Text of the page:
Scots-Irish presidents, and others

“It is a circumstance worthy of note, that three of the Presidents of the United States, Jackson, Monro [sic], and Polk, have sprung from the same race, the Scottish colonists of the north of Ireland. Jackson certainly exhibited in an eminent degree the strongest and best points of that ancestral character, which presents a singularly happy union of the sterner virtues that distinguish the Scot, with the strong impulses, quick perception, and warm affections of the Irish people. Washington, Jefferson, Madison, and the Adamses, were of English descent, and in the lives and character of all, in varying proportions, we can clearly trace the distinctive traits which point to their Anglo-Saxon origin. Van Buren has been the only descendant of the Dutch colonists that has attained the highest honours in the Union.” – New York Herald

I don’t know the date of publication of the quote above; sorry. I tried to track it down, with no luck. But the fact that the writer says that Van Buren was the only Dutch colonist-descendant to reach the Presidency dates the quote to no later than the late 19th-early 20th century. Teddy Roosevelt became President in 1901.

Interestingly those who promote the interests of Scots-Irish descendants in America also claim Teddy Roosevelt and his distant cousin Franklin Roosevelt as counted Scots Irish because they had, as in Teddy’s case, a recent ancestor who was Scottish.

It’s normal and natural and healthy to think favorably of your ancestral origins. I don’t object to that at all. And as for the Scots-Irish, or Ulster Scots more accurately, I like their spirit and their sternness, but reading the news out of Ulster, I wonder about the future. The nation-wreckers are turning their attention to Ulster, and are bestowing Diversity on the Ulster folk. Also the people in Ulster are apparently not in favor of the (still-pending) Brexit in the UK, at least under Boris Johnson’s terms. Will the people of Ulster, primarily the (for-now) majority, still identify as British and fly the Union Jack or will they unite with the Irish Republic, which is being transformed into another multicult province in the NWO? That’s a whole other story for another time; the situation is still in flux.

But to return to the history of the Scots-Irish in America, I notice that more and more presidents and other noted figures are being claimed by those who advocate for their folk. Most of the websites who promote their ethnicity make dubious claims about the presidents’ ancestry. As I mentioned, Teddy Roosevelt and FDR are claimed as Scots-Irish. The Roosevelts were aware of some Scottish ancestry. FDR, at least, acknowledged some English blood, but you won’t find that in a lot of the presidential ancestry pieces. Obviously by ancestry they were very much of Dutch colonial stock. Some people also claim that the Roosevelts were partly Jewish. I don’t know if that’s true; I have no knowledge about it other than what I’ve read.

Now, some people online say that Thomas Jefferson was ‘Scots-Irish’. As far as I know, and I know the family line well, Jefferson had some Welsh ancestry but he was primarily English, and spoke proudly of Anglo-Saxon forebears, and proposed that this country have a flag bearing likenesses of Hengist and Horsa, our Anglo-Saxon ancestors.

It’s claimed on some websites that Jefferson’s mother was Scottish through her Randolph ancestors. But knowing the Randolph line too, as it is my lineage also, the Scottish ancestry comes from many generations back. And if it comes right down to it, many of the Scottish nobility were Normans originally — even Robert the Bruce, the great heroic figure.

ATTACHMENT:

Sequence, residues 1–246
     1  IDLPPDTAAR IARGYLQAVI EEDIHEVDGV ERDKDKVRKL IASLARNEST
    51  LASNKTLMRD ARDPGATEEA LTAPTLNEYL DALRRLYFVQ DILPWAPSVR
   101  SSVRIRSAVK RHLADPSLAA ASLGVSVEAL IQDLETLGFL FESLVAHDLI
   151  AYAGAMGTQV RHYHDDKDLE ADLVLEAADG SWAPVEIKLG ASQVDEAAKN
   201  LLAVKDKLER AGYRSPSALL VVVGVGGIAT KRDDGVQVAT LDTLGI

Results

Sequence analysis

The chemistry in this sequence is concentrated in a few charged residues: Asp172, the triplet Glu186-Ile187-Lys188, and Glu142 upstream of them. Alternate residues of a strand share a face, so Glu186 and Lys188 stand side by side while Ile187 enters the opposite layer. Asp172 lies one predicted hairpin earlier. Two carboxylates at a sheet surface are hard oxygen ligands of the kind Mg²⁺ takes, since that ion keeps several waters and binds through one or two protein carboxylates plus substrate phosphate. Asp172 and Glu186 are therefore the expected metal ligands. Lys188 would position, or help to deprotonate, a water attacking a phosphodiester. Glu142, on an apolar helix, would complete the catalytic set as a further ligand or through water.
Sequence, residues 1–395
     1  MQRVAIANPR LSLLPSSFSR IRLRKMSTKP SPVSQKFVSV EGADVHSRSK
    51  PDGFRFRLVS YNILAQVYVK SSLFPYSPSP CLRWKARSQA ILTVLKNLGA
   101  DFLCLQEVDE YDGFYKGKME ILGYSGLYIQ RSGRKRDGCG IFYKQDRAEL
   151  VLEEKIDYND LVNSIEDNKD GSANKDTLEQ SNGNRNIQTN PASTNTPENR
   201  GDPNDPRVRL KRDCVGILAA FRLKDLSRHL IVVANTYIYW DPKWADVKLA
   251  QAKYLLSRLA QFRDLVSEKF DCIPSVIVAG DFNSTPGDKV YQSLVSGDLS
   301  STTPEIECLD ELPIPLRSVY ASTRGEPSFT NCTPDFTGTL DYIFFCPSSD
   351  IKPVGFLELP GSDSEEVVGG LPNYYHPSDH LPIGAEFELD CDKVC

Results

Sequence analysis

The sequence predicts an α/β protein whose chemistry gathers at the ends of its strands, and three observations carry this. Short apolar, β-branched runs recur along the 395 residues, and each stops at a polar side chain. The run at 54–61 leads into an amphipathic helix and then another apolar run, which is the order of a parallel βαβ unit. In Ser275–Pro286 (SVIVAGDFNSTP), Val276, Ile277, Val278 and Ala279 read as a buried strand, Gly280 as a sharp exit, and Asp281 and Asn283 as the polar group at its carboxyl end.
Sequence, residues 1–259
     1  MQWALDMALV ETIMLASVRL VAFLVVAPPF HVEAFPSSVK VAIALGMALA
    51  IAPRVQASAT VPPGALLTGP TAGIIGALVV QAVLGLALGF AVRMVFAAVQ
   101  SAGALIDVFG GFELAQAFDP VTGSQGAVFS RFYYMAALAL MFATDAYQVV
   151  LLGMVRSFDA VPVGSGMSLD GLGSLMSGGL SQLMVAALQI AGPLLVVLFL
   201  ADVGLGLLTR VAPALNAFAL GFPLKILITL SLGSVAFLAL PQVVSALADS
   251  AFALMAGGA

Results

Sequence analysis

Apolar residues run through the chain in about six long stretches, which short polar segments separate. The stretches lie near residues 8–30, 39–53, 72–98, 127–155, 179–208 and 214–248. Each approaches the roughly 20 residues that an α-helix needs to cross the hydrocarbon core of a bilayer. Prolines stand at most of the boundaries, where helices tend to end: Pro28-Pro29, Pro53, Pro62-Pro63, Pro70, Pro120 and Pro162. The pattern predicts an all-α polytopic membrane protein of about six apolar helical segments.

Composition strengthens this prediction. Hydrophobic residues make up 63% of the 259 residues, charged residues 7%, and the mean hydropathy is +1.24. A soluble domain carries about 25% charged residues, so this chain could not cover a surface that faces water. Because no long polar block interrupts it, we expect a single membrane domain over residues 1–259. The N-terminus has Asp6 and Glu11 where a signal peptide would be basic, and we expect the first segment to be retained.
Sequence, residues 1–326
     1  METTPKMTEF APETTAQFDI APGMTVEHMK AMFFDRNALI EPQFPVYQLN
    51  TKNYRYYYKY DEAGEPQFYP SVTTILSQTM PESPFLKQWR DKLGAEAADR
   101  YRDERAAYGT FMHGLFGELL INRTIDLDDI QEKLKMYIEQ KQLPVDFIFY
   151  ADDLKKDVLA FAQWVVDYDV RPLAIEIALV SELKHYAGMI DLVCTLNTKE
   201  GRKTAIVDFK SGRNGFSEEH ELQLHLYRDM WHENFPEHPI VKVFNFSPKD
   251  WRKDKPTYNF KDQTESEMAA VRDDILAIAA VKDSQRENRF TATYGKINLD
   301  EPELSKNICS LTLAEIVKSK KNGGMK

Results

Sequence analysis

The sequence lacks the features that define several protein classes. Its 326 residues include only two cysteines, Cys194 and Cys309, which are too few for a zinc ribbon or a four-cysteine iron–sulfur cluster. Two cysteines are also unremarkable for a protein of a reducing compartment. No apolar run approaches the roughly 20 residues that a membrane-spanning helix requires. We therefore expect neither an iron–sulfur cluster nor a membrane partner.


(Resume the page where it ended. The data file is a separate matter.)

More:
Maybe it’s flattering to be claimed by another nation or people as being one of their own; I suppose it should be considered something of an honor. But it does mislead many people when these shaky claims are made. In a sense it’s sort of like poaching other nations’ great men and heroes, by claiming they belong to another people, and their exploits and accomplishments are also claimed. I suppose some of this is not invidious in its intent; I suppose it’s just a case of believing too much of what one reads online, without looking to trustworthy sources. I recommend old books, primary sources where possible, rather than today’s sorry excuse for journalism.

In closing, I’ll mention another blog piece relating to the Scots-Irish. It’s from Ron Guhname at the Inductivist blog. To pique your interest, it’s called “Are the Scots-Irish leading the way toward race-consciousness?” It’s based on his interpretations of data (by ethnicity, and other factors) from the 2016 Presidential election.

N.B.: If you have any interest in Thomas Jefferson’s lineage this website has quite a lot of information. There are typos here and there but the information looks solid for the most part.

One thought on “Scots-Irish presidents, and others

  1. The Scotch Irish have an inferiority complex. The colonies were all English. I think that the Hillbillies had a culturally destructive influence on the U.S.A.. What is Southern Baptism exactly.

    I would be interested to know if they were legitimate immigrants to the pre-revolution colonies?
    I know that many Quakers and Yankees were unhappy about uncouth persons being dumped on them who brought down the culture and avoided tax. The Cavaliers were mad about Squatters on their lands? The Crown was ,I think, just trying to get rid of the most undesirable people from their Islands.
    Where in Britain did the convicts come from. When was the first schoolhouse or Church built in the Appalachia’s?

    I am sick of all the half truths on the internet regarding the nations history.

    Like

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